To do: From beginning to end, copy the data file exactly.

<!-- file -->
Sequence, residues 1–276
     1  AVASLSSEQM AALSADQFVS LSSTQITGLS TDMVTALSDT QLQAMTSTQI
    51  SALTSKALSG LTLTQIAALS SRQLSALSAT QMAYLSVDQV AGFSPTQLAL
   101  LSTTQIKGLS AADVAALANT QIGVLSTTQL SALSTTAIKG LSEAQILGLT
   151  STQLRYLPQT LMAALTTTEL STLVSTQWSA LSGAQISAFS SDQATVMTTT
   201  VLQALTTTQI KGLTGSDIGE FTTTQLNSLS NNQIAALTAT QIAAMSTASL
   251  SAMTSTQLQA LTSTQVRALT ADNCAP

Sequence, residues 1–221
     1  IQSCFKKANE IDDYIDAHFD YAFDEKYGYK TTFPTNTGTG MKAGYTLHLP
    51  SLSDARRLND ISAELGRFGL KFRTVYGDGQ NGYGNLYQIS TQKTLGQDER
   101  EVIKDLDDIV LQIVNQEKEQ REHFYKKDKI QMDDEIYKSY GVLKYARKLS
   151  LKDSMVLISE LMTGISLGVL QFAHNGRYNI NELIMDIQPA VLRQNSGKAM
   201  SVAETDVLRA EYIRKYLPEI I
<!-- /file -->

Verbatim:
Sequence, residues 1–276
     1  AVASLSSEQM AALSADQFVS LSSTQITGLS TDMVTALSDT QLQAMTSTQI
    51  SALTSKALSG LTLTQIAALS SRQLSALSAT QMAYLSVDQV AGFSPTQLAL
   101  LSTTQIKGLS AADVAALANT QIGVLSTTQL SALSTTAIKG LSEAQILGLT
   151  STQLRYLPQT LMAALTTTEL STLVSTQWSA LSGAQISAFS SDQATVMTTT
   201  VLQALTTTQI KGLTGSDIGE FTTTQLNSLS NNQIAALTAT QIAAMSTASL
   251  SAMTSTQLQA LTSTQVRALT ADNCAP

Sequence, residues 1–221
     1  IQSCFKKANE IDDYIDAHFD YAFDEKYGYK TTFPTNTGTG MKAGYTLHLP
    51  SLSDARRLND ISAELGRFGL KFRTVYGDGQ NGYGNLYQIS TQKTLGQDER
   101  EVIKDLDDIV LQIVNQEKEQ REHFYKKDKI QMDDEIYKSY GVLKYARKLS
   151  LKDSMVLISE LMTGISLGVL QFAHNGRYNI NELIMDIQPA VLRQNSGKAM
   201  SVAETDVLRA EYIRKYLPEI I